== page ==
While a socially distanced election cannot be avoided in a time of Covid-19, many voters say the new rules should be a one-time exception.
Two-thirds of voters whom Insight spoke to while following candidates from various parties pounding the ground on Friday said they will miss the atmosphere and intimate nature of physical rallies, even as there was broad agreement that the measures are necessary to prevent virus transmission during the hustings.
The Elections Department said last week that there will be no physical rallies at the coming election should it take place in phase two of the Covid-19 reopening. Parties can hold virtual rallies and other campaigning activities online, and there will be additional free airtime for candidates in the form of new constituency political broadcasts.
Each candidate contesting in a single-member constituency (SMC) will get three minutes of airtime, while each group of candidates contesting in a group representation constituency (GRC) will get 12 minutes or 15 minutes of airtime in a four-or five-member constituency respectively.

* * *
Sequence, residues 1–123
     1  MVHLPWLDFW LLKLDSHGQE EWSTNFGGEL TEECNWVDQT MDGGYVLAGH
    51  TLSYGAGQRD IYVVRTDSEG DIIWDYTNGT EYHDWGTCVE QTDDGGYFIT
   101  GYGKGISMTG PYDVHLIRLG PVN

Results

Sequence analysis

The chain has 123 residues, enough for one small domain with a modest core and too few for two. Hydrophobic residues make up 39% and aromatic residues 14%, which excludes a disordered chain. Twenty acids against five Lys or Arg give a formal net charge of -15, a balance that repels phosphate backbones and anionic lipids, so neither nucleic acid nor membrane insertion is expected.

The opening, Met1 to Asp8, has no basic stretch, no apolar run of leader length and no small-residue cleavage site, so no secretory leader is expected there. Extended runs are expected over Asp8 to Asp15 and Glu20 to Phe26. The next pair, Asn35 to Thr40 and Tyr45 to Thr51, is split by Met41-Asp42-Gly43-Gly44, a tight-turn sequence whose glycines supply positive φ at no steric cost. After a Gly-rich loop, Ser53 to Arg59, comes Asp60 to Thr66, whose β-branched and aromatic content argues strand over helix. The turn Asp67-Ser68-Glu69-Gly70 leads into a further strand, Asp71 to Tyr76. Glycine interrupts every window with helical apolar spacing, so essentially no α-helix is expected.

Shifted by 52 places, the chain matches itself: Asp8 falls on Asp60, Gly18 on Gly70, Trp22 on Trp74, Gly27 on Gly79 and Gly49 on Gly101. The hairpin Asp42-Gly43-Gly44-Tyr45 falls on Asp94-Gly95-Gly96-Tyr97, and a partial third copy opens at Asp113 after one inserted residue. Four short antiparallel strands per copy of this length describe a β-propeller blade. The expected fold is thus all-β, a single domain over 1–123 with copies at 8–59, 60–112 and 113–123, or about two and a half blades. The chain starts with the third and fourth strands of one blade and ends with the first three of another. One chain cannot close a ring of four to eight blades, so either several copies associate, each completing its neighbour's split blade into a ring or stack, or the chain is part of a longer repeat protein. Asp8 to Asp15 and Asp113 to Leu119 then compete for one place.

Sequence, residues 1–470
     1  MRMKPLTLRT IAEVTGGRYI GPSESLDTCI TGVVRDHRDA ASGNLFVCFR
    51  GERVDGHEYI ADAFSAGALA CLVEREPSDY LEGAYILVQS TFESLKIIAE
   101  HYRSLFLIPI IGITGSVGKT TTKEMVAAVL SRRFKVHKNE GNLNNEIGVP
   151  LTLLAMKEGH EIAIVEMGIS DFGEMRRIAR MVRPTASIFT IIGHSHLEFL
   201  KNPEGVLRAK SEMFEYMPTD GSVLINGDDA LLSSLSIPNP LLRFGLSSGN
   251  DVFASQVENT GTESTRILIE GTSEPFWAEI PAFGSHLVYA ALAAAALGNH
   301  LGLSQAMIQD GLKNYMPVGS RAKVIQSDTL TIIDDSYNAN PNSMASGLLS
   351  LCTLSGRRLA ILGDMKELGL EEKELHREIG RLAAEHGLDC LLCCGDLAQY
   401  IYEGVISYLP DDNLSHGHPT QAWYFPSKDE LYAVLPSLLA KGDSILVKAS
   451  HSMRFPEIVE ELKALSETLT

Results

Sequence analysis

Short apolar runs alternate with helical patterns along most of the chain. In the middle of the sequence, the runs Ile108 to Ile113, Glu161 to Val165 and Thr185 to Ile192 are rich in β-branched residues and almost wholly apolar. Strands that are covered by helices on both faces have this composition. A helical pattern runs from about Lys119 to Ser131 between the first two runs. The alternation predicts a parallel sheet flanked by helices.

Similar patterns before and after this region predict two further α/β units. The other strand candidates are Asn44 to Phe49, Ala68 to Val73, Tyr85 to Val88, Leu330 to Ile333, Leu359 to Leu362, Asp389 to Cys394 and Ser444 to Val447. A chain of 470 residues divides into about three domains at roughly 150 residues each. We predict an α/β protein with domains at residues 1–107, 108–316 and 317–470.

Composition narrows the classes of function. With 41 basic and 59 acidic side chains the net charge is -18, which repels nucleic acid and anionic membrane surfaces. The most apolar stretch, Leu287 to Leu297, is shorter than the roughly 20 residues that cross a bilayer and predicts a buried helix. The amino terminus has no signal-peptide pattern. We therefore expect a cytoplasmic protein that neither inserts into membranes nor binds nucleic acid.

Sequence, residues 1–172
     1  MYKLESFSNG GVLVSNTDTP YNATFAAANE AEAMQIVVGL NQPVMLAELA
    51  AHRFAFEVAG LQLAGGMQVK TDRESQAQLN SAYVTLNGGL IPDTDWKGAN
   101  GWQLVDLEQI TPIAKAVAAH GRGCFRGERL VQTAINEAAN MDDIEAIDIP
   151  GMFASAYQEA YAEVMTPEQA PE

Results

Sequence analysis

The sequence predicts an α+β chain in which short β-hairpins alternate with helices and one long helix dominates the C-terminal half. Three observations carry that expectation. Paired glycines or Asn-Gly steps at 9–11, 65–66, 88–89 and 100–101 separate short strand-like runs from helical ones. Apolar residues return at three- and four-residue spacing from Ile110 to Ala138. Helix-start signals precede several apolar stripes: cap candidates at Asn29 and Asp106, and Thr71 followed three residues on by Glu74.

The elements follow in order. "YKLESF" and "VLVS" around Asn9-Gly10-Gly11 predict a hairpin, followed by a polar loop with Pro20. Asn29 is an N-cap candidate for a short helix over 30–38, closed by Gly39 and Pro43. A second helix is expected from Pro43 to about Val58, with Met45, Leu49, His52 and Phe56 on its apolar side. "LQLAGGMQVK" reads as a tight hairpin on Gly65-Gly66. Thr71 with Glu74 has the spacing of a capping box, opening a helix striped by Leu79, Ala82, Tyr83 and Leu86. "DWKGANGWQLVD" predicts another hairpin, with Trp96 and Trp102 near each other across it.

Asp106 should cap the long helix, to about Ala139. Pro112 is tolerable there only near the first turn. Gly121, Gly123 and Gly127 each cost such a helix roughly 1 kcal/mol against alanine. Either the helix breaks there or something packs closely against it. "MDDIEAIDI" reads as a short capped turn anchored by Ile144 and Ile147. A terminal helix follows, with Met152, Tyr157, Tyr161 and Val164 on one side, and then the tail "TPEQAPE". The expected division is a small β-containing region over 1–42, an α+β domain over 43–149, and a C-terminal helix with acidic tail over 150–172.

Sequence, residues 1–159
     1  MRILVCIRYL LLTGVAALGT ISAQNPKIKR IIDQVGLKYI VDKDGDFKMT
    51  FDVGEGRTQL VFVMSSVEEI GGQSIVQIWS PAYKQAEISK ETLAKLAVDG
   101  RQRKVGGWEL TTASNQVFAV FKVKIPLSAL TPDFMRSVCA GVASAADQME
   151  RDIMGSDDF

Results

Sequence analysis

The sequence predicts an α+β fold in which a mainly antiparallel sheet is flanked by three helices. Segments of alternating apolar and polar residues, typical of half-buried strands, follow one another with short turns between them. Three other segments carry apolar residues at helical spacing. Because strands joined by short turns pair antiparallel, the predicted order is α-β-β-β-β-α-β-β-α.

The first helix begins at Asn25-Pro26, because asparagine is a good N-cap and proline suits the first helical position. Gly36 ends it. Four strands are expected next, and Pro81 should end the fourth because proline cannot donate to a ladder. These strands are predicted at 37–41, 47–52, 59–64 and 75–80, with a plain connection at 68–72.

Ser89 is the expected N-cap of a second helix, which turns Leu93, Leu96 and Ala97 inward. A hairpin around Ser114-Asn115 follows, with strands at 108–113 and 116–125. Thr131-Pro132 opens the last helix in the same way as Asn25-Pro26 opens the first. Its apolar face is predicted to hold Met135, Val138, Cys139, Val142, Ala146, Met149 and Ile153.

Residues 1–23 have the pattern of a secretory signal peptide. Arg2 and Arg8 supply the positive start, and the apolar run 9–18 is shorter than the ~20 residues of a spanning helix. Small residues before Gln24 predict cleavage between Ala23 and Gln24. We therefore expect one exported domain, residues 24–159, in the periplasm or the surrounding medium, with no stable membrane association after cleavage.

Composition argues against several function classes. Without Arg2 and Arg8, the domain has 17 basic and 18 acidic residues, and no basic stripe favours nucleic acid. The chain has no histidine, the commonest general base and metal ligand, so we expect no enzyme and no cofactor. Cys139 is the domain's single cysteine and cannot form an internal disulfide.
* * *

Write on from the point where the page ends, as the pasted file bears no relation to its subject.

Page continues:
Campaigning mainstays such as door-to-door and market visits and walkabouts will still be allowed, provided safe distancing measures - such as keeping to groups of five or less and minimising physical contact - are adhered to.
Traditional banners, posters, and campaign vehicles will continue to be allowed.
On Friday, prospective candidates decked out in different party colours were seen chatting with residents and stallholders at various coffee shops and neighbourhood centres, all the while mindful of keeping at arm's length.
One Bishan resident, self-employed educator Jeron Liu, 38, says he used to criss-cross the island to attend rallies in past elections, as the candidates were usually more articulate on the podium.
It remains to be seen if the planned live streams will be an adequate substitute, he says.
Mr Mohamad Fasli Md Yunus, 37, feels that virtual rallies will inherently lack the excitement of physical ones, while the three minutes each candidate gets instead in the constituency political broadcast may not be enough to make up the difference. "It may not be so effective for candidates to spread their political beliefs and manifestos within such a short time," says the assistant manager at a shipyard.
Web writer W. J. Lim notes that television and online broadcasts lack the element of belonging to a larger movement, even though the additional airtime for candidates through the special constituency political broadcasts could be an effective way to reach out to more voters than in a traditional rally.
"At a rally, you have a sense of who are the supporters and you identify yourself as part of the group, but if you watch it on screen it's very passive. You don't feel like you're part of anything and you can feel more disengaged," says Ms Lim, 33.
Older and less tech-savvy voters, in particular, say they are afraid they will be left out of election proceedings under the new rules.
One such voter is a retiree who gave his name as Mr Tan.